Studying Biomedical Science

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Biomedical science is an interesting choice of medical career as it is one of the few which, after qualifying, will suit you for jobs outside medicine if you find that the hospital environment is not for you. Studying for a Biomedical Science degree will enable you to also work in the pharmaceuticals industry, environmental health or veterinary laboratories, forensics or research. Another great thing about a biomedical sciences qualification is that within the hospital laboratory there are many different disciplines, which all need special skills.

You will need science subjects at A level as well as maths and English at GSCE, but you will also need a certain mindset to become a proficient biomedical scientist. You will certainly need to be meticulous and have an eye for detail and you will need to not bore easily. Although the job is fascinating, especially at the research end, much of it is repetitive and if you don’t feel you can bring the same degree of attention to each batch of tests you carry out, no matter how often you have done the same routine procedure, then the discipline is not for you. The crossmatch of blood for transfusion or the test for liver disease might be the thousandth you have done this month, but for the patient it is a unique event and must be treated as such, every time.

When you study biomedical science you will study human physiology in health and disease as well as laboratory techniques. Some of these will not be ones that you will ever use in a work setting, but it is important to go to first principles and if you ever decide to take time out to work in an underprivileged setting abroad, it would be unreasonable to expect there to be high powered machinery on site to help you. Being able to make your own growth media to isolate bacteria by boiling up blood and agar will probably not be necessary in a UK hospital, but it certainly would be a useful skill in the field.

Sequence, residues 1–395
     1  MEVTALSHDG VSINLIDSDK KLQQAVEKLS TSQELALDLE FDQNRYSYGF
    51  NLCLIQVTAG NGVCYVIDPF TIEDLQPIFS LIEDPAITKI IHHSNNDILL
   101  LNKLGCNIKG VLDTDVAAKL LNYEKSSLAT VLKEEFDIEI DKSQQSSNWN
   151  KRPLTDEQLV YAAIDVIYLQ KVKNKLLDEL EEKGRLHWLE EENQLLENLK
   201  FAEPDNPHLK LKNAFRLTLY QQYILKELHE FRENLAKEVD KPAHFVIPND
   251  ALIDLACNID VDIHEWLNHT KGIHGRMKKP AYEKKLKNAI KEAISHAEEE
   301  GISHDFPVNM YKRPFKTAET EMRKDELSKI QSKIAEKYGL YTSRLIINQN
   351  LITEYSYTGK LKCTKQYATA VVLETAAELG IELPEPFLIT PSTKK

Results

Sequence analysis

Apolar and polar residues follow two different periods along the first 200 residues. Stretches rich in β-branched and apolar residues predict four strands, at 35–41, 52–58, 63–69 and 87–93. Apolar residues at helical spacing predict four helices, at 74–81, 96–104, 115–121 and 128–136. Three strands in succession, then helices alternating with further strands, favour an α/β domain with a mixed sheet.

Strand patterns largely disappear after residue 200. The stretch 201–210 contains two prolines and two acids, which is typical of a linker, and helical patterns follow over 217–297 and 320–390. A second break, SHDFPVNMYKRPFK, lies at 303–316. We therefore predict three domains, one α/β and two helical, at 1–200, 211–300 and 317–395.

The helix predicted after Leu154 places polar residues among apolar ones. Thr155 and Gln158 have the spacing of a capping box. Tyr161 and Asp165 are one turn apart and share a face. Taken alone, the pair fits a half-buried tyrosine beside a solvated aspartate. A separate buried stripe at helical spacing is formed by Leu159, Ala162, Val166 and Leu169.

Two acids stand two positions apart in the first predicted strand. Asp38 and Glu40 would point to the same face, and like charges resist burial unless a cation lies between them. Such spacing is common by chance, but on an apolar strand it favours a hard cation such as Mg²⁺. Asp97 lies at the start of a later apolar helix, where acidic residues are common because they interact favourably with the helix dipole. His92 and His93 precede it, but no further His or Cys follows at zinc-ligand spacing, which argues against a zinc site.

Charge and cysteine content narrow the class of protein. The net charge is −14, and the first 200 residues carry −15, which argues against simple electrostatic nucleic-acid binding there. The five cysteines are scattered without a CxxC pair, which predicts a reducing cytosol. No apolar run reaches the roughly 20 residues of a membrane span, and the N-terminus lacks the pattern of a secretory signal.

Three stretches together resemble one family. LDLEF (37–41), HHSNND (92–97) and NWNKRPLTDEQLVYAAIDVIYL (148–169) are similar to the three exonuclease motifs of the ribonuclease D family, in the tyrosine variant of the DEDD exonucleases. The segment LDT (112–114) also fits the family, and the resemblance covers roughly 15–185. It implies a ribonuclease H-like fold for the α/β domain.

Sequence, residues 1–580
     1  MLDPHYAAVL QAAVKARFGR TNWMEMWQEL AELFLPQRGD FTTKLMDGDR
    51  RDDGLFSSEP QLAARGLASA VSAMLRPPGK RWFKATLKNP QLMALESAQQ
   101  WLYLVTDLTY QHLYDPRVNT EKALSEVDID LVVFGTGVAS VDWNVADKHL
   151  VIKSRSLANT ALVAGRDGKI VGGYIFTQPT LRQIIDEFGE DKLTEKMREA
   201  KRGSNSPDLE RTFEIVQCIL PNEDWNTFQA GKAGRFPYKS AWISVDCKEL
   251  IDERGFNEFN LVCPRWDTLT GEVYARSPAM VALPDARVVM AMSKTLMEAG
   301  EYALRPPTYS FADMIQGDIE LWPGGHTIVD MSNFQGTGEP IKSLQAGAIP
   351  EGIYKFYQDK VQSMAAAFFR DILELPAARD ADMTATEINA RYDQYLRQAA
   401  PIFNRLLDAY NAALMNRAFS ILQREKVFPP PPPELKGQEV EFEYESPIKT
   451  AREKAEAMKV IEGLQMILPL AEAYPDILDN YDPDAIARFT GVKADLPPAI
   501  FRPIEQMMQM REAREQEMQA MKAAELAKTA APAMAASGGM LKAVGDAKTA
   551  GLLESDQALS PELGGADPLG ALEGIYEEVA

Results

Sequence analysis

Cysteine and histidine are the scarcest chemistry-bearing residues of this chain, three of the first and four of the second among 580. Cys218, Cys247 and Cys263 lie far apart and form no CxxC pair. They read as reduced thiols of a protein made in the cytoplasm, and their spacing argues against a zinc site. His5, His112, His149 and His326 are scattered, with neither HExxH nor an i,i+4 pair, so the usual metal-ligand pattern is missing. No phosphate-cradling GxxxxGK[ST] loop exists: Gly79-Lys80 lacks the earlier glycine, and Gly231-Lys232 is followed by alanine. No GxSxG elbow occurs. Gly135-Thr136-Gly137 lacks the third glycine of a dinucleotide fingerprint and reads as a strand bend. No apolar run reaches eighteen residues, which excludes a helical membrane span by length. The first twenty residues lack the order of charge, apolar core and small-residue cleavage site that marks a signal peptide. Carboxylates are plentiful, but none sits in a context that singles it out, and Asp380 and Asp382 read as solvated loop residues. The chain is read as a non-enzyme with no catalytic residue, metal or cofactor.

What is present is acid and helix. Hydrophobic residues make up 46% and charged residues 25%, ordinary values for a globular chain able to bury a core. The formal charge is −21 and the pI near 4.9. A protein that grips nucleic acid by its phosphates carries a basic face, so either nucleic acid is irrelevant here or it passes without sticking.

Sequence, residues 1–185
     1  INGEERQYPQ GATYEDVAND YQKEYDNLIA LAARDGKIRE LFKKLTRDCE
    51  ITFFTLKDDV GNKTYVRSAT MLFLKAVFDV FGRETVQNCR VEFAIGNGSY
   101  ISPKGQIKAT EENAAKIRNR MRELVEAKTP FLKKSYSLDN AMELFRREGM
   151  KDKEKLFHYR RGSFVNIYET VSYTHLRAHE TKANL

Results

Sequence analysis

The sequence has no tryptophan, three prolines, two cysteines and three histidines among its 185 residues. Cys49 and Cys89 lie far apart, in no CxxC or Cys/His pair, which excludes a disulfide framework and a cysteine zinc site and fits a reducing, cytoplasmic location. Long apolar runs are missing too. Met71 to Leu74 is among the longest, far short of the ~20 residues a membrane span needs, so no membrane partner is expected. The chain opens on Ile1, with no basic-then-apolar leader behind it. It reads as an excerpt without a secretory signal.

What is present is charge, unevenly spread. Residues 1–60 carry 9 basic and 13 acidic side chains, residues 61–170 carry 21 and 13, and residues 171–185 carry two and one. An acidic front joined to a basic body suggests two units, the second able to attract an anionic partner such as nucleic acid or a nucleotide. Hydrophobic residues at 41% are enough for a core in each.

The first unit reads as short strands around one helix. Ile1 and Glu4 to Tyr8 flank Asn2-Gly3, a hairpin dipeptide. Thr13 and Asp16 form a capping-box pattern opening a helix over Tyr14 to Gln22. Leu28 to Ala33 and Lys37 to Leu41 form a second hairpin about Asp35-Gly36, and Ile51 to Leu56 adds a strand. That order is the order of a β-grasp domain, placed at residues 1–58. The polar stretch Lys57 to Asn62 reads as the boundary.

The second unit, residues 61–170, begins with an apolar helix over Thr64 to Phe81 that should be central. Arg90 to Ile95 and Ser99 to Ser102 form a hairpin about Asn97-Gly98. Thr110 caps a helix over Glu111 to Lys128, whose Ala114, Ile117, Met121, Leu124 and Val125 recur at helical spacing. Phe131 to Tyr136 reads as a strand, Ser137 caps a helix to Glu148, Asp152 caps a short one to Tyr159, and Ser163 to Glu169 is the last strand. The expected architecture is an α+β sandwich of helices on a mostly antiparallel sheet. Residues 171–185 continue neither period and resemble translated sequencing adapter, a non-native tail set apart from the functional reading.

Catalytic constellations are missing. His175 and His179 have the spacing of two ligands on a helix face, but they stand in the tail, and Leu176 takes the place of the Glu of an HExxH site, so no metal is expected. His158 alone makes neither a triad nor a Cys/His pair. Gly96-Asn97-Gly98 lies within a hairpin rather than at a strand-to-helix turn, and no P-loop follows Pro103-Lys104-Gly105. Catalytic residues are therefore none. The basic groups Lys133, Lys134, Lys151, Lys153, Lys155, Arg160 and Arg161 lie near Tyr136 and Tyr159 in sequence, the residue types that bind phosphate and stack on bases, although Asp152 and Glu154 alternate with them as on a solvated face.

It is not essential, but to study biomedical science and to enjoy your work subsequently, it is useful to be of a moderately mechanical turn of mind. Most machines nowadays are not intended to be mended at the bench by a user, being mainly made up of sealed units, but routine maintenance will certainly be necessary and with many laboratories these days running more or less twenty four hours a day by using shifts, there is little down time so planning is essential. A badly maintained machine will break down more often and also the results may become unreliable. Your training will give you basic ideas of how important maintenance is, but you will probably not become fully conversant with machinery used in the workplace until you have qualified.

Once you have qualified, you will need to become State Registered and this is done through the Council for Professions Supplementary to Medicine. Hopefully, the graduate will have made sure that their course is acceptable to the Institute of Biomedical Science; if not they may need to prove that they are competent. The Institute will help the potential student check on their proposed course and make sure it meets their requirements and this is a very important step to take in the first instance before applying.

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